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					DIESEL PARTICULATES AND NOx EMISSIONS Monday 21 – Friday 25 May 2007 Provisional Programme
MONDAY 21 MAY 2007 DIESEL COMBUSTION AND EMISSIONS 08.00 08.30 Registration and coffee Diesel emissions – introduction to the environmental problems and legislation Professor Gordon Andrews, Energy and Resources Research Institute, University of Leeds Transport emissions, relative importance of diesel emissions, comparison with SI engine emissions, impact on CO2, soiling of buildings. Review and comparison of emissions legislation. Coffee Diesel combustion and emissions Professor Gordon Andrews, Energy and Resources Research Institute, University of Leeds Fundamentals of diesel combustion, ignition delay and emissions formation. NOx formation and control in diesel engines Professor Gordon Andrews, Energy and Resources Research Institute, University of Leeds A review of diesel engine NOx formation and reduction techniques. Discussion of the link between reducing NOx and increasing particulates, including pre-mixed combustion and emulsified fuels Lunch Use of EGR for NOx control Professor Gordon Andrews, Energy and Resources Research Institute, University of Leeds Tea Engine exhaust particles in the atmosphere Professor David Kittelson, Dept of Mechanical Engineering, University of Minnesota, USA A description of measurements of the character of engine exhaust particles as we actually breathe them, on and near roadways. Past measurements will be reviewed highlighting the CRC E-43 program and ongoing work including on-road aftertreatment evaluations will be described. End of day one Welcome Reception in Bar area

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TUESDAY 22 MAY 2007 ENGINE DESIGN AND LUBE OIL INFLUENCES ON NOx AND PARTICULATE EMISSIONS 08.15 08.30 Registration and coffee Diesel engine processes that influence particulate formation Professor Gordon Andrews, Energy and Resources Research Institute, University of Leeds The nature of diesel particulates. Combustion processes and engine design factors that influence particulate emissions. Instruments for particle size measurements Professor David Kittelson, Dept of Mechanical Engineering, University of Minnesota, USA An overview of the operating principles and performance of instruments used for particle sizing with emphasis on instruments suitable for engine exhaust particle sizing. Coffee Factors influencing carbon formation in diesel engines Professor Gordon Andrews, Energy and Resources Research Institute, University of Leeds A review of diesel engine carbon formation and reduction techniques. UHC, particulate fuel fraction and PAH emissions Professor Gordon Andrews, Energy and Resources Research Institute, University of Leeds Sources of PAH and UHC emissions in diesel engines. The importance of unburnt fuel PAH in the particulate composition. Reduction of nozzle sac volume for reduced UHC, SOF and PAH. Lunch The role of lubricating oil in diesel particulate emissions Professor Gordon Andrews, Energy and Resources Research Institute, University of Leeds A review of the recent literature: carbon from lube oil, unburnt lube oil, lube oil consumption, lube oil emissions during hot motoring, soot accumulation in used oil and impact on emissions. Tea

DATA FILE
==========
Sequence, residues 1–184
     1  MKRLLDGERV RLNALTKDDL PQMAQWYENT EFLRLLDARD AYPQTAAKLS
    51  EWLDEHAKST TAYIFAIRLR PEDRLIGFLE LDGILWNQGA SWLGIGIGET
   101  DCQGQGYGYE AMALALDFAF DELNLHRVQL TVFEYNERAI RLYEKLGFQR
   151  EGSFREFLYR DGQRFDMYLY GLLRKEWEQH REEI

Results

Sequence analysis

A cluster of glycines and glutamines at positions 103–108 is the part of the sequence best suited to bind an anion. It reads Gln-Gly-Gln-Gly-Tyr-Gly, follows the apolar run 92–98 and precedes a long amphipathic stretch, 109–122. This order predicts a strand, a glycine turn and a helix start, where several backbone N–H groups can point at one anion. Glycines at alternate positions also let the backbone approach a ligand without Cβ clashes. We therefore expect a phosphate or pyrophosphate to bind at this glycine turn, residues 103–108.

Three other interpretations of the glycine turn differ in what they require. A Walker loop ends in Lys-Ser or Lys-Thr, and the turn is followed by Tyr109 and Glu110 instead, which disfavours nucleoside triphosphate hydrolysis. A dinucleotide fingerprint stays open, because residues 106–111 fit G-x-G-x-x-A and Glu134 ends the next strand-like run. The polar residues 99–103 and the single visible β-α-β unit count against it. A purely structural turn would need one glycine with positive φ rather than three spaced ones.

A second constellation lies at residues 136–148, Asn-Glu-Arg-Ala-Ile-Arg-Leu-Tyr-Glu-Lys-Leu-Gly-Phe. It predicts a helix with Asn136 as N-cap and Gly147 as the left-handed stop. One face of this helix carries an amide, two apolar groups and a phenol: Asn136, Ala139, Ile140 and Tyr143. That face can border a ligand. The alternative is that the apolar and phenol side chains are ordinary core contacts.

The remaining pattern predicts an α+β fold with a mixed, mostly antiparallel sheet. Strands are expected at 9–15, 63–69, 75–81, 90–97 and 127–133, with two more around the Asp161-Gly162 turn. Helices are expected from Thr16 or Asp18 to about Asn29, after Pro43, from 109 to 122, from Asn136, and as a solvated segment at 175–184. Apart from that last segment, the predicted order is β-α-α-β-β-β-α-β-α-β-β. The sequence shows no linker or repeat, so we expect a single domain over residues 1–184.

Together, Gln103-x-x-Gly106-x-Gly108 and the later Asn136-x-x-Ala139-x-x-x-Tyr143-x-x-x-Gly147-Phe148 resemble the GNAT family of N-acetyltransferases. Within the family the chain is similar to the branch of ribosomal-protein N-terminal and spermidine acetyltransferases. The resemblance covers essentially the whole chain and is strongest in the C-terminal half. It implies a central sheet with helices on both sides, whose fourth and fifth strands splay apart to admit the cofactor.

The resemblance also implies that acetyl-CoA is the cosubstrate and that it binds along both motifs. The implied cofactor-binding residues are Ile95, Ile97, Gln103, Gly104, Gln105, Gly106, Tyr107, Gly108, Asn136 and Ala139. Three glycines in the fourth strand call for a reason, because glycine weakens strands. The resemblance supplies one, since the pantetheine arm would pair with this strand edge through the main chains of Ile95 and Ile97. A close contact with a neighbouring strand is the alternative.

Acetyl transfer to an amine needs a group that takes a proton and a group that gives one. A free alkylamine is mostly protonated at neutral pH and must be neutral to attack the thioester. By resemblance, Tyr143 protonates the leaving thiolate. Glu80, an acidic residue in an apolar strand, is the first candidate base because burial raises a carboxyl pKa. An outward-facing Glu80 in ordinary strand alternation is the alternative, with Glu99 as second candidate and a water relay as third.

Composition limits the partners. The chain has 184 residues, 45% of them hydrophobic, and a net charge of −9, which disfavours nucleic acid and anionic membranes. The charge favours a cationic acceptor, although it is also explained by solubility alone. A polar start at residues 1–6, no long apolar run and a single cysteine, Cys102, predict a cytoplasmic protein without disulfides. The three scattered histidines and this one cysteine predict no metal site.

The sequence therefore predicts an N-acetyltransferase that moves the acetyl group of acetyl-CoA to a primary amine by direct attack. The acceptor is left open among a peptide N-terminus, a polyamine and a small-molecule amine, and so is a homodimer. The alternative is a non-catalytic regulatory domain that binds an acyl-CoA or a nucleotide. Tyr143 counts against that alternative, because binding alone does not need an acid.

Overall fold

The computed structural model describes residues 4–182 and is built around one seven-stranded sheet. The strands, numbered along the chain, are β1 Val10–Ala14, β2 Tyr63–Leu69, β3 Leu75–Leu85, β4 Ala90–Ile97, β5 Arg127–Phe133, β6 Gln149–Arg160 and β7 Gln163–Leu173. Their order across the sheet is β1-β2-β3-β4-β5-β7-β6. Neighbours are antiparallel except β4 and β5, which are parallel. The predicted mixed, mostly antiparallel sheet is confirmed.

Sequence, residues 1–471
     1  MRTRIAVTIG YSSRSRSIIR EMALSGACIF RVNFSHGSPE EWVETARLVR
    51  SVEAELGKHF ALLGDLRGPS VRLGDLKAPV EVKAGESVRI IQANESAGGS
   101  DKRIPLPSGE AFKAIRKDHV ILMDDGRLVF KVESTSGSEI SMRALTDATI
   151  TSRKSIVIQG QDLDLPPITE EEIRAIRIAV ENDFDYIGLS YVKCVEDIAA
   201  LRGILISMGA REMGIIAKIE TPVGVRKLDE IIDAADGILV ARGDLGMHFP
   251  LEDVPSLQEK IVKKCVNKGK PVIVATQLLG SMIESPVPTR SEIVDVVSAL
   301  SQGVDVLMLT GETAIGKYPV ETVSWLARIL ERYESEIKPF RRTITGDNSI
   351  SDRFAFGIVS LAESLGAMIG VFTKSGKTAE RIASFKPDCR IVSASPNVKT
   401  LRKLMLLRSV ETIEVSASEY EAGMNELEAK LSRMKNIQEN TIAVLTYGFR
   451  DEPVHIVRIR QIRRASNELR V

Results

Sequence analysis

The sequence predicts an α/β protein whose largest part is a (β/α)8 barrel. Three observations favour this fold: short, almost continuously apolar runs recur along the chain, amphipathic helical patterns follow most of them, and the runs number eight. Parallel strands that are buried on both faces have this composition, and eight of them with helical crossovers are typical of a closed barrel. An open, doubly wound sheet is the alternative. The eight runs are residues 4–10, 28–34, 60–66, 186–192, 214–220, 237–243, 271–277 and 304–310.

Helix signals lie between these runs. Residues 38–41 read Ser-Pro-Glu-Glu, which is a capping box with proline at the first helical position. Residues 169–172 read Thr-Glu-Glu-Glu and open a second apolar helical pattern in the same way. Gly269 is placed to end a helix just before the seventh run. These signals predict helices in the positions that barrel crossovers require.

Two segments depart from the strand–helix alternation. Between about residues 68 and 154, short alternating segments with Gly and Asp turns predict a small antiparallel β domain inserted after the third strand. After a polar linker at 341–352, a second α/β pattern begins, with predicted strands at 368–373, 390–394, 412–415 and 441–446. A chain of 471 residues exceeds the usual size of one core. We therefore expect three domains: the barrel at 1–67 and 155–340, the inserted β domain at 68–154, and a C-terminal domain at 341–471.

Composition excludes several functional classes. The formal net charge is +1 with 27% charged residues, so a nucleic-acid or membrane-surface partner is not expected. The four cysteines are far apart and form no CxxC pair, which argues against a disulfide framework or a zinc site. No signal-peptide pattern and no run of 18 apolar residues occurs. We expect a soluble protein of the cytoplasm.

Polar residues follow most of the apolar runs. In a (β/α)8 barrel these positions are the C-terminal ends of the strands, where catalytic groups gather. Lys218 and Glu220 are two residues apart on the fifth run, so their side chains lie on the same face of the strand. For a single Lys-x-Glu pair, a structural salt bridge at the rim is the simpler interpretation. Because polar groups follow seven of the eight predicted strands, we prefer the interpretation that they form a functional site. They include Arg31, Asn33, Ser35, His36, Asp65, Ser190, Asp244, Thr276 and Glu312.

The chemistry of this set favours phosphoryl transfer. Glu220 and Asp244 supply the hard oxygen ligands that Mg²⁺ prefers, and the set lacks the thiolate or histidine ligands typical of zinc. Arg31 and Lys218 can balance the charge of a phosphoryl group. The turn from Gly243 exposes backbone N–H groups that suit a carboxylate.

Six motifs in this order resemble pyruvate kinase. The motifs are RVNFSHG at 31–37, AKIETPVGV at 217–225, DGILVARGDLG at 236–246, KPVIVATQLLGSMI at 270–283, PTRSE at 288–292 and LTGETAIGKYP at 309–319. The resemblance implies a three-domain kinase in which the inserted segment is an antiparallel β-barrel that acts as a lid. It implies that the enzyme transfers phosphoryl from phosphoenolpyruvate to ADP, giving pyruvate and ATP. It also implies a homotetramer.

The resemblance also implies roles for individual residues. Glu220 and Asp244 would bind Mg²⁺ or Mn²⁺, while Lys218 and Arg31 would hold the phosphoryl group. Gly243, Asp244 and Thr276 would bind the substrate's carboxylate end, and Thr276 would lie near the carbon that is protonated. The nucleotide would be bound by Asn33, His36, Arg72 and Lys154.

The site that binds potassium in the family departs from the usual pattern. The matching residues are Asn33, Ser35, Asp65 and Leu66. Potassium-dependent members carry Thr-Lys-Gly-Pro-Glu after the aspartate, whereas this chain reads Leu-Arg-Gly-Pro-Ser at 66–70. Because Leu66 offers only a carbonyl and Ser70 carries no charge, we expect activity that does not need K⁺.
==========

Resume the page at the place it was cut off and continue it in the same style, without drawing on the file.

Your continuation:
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Tuesday Cont… 15.45 The lubricant contribution to future low emission engine design Peter Brett, Castrol International Key areas addressed are fuel economy, exhaust gas recirculation, piston cleanliness and soot, in conjunction with the requirement to extend oil drain intervals and use exhaust aftertreatment devices. Ultrafine and nanoparticle formation by engines Professor David Kittelson, Dept of Mechanical Engineering, University of Minnesota, USA A description of current concerns about tiny particles generated by engines, sampling problems, and representative measurements. End of day two COURSE DINNER